Where did July go? Here's where.
Searls of Wisdom for July 2023
Whenever you read something I write, please know that I was having exactly this much fun writing it for you:
Greetings! It was a slow month in the content mines, as I've shifted my focus back to Top Secret work at Test Double, the fruits of which will probably not be apparent for six months or longer. As a result, I can't really answer what July was "all about", because I was squirreled away working on stuff I can't talk about just yet.
So here I am, lifting my head for the first time in a few weeks. Let's check in with how the planet is doing by reading a few headlines from the last 48 hours:
- Earth has gotten so hot that it's over 100º Fahrenheit in the middle of South America's winter
- Trump was indicted for what basically amounts to treason, including charges that he was prepared to use military force to put down the protests that would have resulted had he managed to illegally remain in power
- Israel's prime minister finds himself "ruling out civil war," as a nation grapples with the paradox of whether their state can be simultaneously Jewish and democratic
Neat. Good to know I haven't missed out on much.
You may be relieved to hear that today's newsletter is not about current events. Instead, I decided to finally take the time to document my peculiar approach to creative work. Most of the following essay refers specifically to writing, but it applies just as well to other stuff I've done like conference presentations and videos. I hope you enjoy it.
The Justin Searls Creative Process™
I've engaged in recreational creative writing since I was in middle school. It all started when a friend of mine roped me into writing Zelda walkthroughs for his Nintendo fan site. I proceeded to bounce around a bunch of videogame sites after that—including several where I collaborated with the (even younger!) Brian Stelter, who later went on to be a New York Times reporter and CNN host. But as soon as I got my driver's license, I traded in the glamorous life of getting paid in review copies of B-tier Ubisoft games for a "real" job that remunerated its employees with U.S. currency. There was one immediately-apparent drawback, though: working retail stimulated far fewer brain cells than writing about videogames on the Internet. It didn't help that the store I worked at was so low-traffic that it wasn't uncommon to go an entire eight-hour shift without seeing a single customer—and one quickly learns that a Blockbuster Video can only get so clean. Driving home at 1 AM each night, I found myself with so much pent up mental energy that I'd collapse into my desk chair and witness as my fingers furiously spewed all my suppressed creativity into blog posts and comic strips.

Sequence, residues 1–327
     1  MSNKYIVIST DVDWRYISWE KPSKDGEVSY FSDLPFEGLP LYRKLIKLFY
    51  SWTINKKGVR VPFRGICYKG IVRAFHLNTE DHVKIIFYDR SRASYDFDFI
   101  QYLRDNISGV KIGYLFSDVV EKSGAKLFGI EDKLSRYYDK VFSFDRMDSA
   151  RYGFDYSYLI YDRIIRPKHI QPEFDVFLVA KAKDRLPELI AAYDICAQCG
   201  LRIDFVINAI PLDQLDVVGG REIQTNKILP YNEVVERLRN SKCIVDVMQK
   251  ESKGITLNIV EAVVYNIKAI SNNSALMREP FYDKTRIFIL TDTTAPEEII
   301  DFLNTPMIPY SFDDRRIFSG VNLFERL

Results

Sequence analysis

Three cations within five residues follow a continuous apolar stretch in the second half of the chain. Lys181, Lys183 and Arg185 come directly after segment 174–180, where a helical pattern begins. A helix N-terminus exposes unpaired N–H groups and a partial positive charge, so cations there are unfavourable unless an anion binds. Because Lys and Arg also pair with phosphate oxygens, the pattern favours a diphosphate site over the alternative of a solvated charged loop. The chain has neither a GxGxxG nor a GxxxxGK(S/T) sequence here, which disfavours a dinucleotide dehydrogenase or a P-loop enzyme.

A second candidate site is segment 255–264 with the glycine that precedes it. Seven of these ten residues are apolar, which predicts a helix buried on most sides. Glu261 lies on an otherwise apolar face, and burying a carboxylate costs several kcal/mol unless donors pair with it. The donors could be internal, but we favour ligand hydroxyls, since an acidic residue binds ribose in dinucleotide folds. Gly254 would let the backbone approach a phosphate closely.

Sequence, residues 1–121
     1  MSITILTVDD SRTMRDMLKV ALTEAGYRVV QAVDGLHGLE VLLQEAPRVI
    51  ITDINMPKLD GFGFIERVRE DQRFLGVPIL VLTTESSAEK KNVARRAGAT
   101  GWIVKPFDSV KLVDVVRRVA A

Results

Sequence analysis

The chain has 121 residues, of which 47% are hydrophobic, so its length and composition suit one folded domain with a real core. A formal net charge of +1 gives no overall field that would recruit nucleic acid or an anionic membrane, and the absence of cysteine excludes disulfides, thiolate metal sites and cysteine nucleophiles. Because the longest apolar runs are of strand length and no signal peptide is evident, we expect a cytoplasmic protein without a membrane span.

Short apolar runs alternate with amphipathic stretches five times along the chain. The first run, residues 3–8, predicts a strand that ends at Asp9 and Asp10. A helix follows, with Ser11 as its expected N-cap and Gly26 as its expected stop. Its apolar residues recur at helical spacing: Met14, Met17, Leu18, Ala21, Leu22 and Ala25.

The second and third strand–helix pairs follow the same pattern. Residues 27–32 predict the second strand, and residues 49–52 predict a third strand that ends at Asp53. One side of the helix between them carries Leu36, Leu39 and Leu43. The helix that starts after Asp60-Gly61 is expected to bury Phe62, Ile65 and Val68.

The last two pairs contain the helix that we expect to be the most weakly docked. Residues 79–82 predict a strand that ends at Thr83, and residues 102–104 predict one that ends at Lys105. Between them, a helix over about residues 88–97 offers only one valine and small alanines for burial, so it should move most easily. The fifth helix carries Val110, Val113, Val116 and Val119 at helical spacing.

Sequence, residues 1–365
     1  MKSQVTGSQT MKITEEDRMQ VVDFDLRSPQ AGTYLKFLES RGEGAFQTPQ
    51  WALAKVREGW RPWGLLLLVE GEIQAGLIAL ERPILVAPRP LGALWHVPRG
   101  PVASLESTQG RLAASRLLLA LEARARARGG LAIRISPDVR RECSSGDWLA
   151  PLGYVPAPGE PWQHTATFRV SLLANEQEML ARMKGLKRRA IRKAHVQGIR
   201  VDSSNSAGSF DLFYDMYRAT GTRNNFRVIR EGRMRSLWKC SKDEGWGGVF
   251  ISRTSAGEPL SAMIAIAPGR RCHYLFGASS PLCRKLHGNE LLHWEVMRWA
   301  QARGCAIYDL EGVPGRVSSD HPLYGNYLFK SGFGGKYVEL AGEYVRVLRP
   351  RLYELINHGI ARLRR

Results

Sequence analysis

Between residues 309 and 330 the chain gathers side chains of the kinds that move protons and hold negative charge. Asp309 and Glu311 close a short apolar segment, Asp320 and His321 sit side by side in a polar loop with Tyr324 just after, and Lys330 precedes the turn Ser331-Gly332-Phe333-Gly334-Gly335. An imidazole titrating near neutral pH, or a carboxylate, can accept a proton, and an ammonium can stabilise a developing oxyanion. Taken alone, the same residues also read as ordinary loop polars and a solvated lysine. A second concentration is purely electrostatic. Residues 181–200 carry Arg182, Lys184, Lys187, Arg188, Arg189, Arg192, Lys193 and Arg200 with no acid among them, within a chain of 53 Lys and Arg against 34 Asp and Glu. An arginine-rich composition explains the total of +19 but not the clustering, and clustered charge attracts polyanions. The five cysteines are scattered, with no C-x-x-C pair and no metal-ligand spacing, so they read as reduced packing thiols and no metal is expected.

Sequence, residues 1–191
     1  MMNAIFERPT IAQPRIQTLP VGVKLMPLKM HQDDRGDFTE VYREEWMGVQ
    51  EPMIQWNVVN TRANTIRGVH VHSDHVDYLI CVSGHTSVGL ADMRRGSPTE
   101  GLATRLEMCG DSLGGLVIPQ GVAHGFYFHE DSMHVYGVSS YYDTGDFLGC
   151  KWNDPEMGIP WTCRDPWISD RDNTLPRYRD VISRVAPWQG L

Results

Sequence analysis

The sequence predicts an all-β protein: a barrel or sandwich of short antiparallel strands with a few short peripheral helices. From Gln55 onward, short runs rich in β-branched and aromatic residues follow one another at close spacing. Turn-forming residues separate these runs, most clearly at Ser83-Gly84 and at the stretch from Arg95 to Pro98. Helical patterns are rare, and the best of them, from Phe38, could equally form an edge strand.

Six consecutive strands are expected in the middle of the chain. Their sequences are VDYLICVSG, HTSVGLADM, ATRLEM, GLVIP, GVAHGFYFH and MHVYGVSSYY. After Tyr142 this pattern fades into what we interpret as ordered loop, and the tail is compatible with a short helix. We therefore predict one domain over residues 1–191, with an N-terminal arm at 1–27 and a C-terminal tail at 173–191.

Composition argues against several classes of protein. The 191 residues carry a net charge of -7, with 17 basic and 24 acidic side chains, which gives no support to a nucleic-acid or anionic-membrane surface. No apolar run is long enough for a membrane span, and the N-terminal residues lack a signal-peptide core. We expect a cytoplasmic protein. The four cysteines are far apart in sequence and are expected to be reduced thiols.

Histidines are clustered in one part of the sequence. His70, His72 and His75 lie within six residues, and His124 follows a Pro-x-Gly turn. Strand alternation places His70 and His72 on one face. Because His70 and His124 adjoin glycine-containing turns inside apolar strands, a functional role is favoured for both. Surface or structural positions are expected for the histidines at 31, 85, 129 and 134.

I don't enjoy writing, mind you. I want to be very clear about that. I don't like the creative process at all. It's painful, time-consuming, and distracts me from building more practical, useful things. But every one of us feels some need to be understood by others and, unfortunately for me, my thirst for validation is apparently insatiable.
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Anyway, having such early experiences "as a creative" absolutely paid off later in my career. Not because they made me an especially skilled writer, but because they gave me total permission to publish my thoughts from a young age. A lot of people I run into—even people of similar privilege—have their own interesting things to say but nevertheless seem to be waiting around for permission to say them. Not me. Game on.
Given that I've gone on to write quite a lot for work—blog posts, conference talks, technical documentation, overwrought email replies—I can see in hindsight that something resembling a repeatable process has materialized over time. But because I'm too impatient and disrespectful to educate myself in any traditional way, I made up everything as I went. So while I can't attest that any of my habits will work for you, I am reasonably confident you won't find them taught elsewhere.
Listening for dangerous ideas
As a mammal, I can't speak from direct experience, but I imagine that having a creative idea is bit like laying an egg: inevitable but unexpected, necessary but uncomfortable. And while excreting it from one's body brings temporary relief, it also signifies a thousand new things one must worry about.
Nor is there an active verb I would assign to "creating" an idea. "Invent" more aptly describes physical, tangible things. And "innovate" works better when contrasted with well-worn problems as opposed to brand-new ideas. Instead, the verb that sits best with me is "listen". I listen for new ideas. I'm not in control over what they are or when they arrive, only over what I choose to do with them.
I've also identified certain preconditions that result in the generation of more ideas or better ones. Ideas flow more freely when I force myself to experience boredom, which usually requires me to both unplug from my devices and deny myself the dopamine drip of checking tasks off my to-do list. My most unexpected ideas emerge when I spend time exploring new and foreign environments, especially alone. Interesting synthesis tends to occur when I divert conversations with smart people away from mundane topics and toward unfamiliar territory. And of course, it's hard to listen for ideas unless I take off my headphones and go about my day in Silent Mode. (Conversely, if a new idea is likely to distract me from the one I need to focus on, I play podcasts as white noise to drown out the sound of new ideas.)